Johnny Depp Accused Of Song Lyric Plagiarism

By Douglas Helm | Published

Johnny Depp Pirates

Johnny Depp may have come out of his recent legal battle with Amber Heard as a winner (at least in the monetary sense), but now he may be facing another legal issue with his new album. Depp recently released an album with guitarist Jeff Beck titled 18. While the majority of the tracks are covers and instrumentals, there are two original songs written by Johnny Depp himself. However, Depp has been accused of lyric plagiarism in his song “Sad Motherfuckin’ Parade,” so maybe it’s not so original after all.

According to folklorist Bruce Jackson in a story by Rolling Stone, the Johnny Depp and Jeff Beck song “Sad Motherfuckin’ Parade” contains a significant number of lines that can also be found in the Slim Wilson song “Hobo Ben,” including the line that gives the song its title. Lines that can be found in both songs include ” “[Y]ou better try to keep you ass in this corner of shade/’cause if the Man come you make a sad motherfuckin parade,” and “I’m raggedy, I know, but I have no stink.” Other lines that are found verbatim in the song include “God bless the lady that’ll buy me a drink,” and “What that funky motherfucker really needs, child, is a bath.” While there has been a long tradition of folk songs cribbing from older songs, the original authors of these lines haven’t been given any credit.

Bruce Jackson met Slim Wilson in 1964, eventually penning a book of toasts, a form of Black narrative poetry, that featured Slim Wilson heavily. The book was released in 1974 titled Get Your Ass in the Water and Swim Like Me. Slim would go on to narrate these toasts in an album of the same name two years later. According to Jackon, the new “Sad Motherfuckin’ Parade” song only contains two lines that can’t be found on “Hobo Ben.” While talking to Rolling Stone, Jackson and his son, who is a musical and intellectual property lawyer, are looking into legal options, but have yet to file anything. If Johnny Depp and Jeff Beck did directly copy these lyrics, the legal case wouldn’t be so simple. With older music, it can sometimes be difficult to pin down an exact author, meaning the legalities aren’t so cut and dry.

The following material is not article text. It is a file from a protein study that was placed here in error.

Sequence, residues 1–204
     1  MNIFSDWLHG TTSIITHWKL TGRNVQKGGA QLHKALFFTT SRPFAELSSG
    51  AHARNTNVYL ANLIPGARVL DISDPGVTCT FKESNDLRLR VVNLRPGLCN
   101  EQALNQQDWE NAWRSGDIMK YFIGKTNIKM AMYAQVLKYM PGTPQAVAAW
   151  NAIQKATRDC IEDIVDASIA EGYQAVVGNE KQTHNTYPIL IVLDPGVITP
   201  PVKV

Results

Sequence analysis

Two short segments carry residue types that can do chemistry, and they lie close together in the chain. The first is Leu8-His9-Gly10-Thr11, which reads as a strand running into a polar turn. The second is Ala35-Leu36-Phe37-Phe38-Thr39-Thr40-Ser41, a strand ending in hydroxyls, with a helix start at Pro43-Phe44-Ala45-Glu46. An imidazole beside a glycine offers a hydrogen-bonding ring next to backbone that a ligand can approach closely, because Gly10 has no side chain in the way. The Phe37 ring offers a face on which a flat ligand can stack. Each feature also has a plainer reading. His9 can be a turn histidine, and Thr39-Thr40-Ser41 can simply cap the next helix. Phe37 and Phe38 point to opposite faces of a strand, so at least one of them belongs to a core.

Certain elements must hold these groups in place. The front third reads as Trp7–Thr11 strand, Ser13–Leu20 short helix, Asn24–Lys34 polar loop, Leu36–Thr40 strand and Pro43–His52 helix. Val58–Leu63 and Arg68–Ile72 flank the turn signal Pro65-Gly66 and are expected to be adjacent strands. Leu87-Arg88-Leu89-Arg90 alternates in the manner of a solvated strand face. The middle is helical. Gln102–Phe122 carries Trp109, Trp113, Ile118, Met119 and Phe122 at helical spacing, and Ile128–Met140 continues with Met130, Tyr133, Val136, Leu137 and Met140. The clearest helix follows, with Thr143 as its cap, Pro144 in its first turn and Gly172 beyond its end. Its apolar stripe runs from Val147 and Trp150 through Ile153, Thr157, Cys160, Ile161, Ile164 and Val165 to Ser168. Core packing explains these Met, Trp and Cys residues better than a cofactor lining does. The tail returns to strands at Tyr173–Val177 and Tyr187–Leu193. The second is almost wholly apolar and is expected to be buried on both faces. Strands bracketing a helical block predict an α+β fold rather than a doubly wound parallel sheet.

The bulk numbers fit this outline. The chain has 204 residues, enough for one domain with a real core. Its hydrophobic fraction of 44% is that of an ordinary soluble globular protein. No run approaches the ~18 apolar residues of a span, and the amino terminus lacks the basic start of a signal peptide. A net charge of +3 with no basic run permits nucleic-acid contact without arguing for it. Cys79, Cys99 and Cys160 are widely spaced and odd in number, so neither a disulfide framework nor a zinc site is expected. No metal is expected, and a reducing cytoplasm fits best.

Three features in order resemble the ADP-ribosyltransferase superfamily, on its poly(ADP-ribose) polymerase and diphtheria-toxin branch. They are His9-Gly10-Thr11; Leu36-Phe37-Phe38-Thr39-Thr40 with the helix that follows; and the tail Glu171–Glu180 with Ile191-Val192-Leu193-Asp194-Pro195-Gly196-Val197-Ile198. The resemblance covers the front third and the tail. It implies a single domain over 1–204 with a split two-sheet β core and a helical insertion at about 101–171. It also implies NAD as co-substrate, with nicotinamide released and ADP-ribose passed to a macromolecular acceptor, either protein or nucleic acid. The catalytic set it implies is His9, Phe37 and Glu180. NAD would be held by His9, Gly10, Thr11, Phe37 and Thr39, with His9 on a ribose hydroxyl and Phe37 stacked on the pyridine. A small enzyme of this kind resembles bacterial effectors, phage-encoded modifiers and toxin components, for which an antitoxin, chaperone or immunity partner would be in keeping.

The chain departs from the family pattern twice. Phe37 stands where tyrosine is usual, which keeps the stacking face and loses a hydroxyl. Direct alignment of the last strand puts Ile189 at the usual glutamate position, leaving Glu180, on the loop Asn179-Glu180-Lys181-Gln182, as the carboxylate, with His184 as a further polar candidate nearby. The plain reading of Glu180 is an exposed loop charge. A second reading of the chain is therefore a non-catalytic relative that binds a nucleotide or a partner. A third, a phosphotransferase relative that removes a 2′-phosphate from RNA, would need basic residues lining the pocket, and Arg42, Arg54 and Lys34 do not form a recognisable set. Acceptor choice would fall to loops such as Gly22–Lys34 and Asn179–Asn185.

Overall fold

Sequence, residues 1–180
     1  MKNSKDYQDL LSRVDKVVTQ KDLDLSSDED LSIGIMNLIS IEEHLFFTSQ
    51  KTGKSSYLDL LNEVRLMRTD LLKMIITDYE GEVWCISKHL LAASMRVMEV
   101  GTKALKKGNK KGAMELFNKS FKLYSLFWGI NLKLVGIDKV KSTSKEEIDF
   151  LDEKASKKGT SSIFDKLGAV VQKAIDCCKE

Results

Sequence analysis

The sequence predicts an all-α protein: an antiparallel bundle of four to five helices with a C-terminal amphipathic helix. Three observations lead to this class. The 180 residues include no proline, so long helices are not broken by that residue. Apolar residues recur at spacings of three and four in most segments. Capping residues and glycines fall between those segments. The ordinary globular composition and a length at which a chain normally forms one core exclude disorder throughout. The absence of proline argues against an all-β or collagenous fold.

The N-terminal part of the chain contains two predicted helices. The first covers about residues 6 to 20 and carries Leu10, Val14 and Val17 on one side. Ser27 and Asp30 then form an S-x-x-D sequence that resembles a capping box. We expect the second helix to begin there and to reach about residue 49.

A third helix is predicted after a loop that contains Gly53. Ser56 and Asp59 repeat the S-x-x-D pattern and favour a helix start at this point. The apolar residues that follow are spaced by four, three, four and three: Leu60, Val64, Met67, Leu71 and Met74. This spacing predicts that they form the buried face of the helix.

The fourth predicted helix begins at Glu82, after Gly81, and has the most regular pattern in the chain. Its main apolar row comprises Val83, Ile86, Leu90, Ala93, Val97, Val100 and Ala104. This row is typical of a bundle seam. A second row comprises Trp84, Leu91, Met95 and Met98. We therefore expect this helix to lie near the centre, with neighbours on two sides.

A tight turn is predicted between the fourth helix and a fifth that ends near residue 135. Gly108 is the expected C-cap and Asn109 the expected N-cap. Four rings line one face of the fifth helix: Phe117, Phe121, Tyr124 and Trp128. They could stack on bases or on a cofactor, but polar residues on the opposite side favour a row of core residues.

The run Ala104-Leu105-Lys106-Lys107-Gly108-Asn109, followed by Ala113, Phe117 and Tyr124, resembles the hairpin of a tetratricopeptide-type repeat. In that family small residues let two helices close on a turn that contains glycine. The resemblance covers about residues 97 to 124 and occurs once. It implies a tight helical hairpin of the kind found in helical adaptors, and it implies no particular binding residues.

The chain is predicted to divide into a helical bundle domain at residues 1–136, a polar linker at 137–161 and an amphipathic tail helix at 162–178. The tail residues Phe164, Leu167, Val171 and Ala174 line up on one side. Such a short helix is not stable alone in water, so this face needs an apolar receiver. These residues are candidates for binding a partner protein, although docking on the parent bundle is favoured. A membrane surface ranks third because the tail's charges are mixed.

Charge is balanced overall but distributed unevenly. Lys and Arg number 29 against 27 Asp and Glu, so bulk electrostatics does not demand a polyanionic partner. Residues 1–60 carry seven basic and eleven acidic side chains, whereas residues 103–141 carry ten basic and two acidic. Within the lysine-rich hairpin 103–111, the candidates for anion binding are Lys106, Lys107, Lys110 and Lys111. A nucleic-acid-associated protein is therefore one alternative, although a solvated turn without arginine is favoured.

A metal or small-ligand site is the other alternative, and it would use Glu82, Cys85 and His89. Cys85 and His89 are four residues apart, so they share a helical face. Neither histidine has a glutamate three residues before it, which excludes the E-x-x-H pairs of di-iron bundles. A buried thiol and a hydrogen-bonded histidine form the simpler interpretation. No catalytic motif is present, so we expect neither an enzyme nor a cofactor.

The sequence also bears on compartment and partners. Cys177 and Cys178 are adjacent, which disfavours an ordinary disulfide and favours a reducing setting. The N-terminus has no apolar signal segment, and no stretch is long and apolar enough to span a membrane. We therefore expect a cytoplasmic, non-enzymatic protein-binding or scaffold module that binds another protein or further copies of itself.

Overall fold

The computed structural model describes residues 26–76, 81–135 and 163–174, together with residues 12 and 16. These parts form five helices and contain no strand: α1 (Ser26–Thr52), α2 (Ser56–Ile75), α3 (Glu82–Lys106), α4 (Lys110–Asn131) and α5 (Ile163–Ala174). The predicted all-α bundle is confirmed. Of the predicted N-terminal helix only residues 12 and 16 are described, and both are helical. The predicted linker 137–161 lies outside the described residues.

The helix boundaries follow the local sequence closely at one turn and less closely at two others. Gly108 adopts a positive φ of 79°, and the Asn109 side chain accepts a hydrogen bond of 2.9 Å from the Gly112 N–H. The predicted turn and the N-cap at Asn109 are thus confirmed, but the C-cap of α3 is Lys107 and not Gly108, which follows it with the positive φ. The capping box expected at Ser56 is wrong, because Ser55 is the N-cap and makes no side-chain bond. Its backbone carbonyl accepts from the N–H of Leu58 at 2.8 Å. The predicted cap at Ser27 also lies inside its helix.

The only possible case that Jackson might have against Johnny Depp and Jeff Beck traces to the Copyright Act of 1909, which outlines what artists need to do to have copyright claims to their work. One of the main tenets is that the music or work needs to be written down or recorded in some way and that it needs to be original. This is a double problem for “Hobo Ben” since it was presumably passed down through tradition and Slim Wilson hadn’t written any of the toasts down. However, Jackson did transcribe the toasts in his book Get Your Ass in the Water. Though Jackson doesn’t claim authorship of the lyrics himself, pursuing the copyright claim could allow him to push Johnny Depp and Jeff Beck to the original artists like Slim Wilson.

With enough pressure, Johnny Depp and Jeff Beck may opt to give credit without going through the legal process. This would likely be the easiest route all around, but it remains to be seen if these lyric plagiarism accusations will amount to anything. Unless a lawsuit is filed, Depp and Jeff Beck don’t necessarily have to take action. Then again, Depp may want to do everything he can to stay out of the legal waters for a while. Make sure to stay tuned and we’ll keep you updated if there’s any momentum on this story.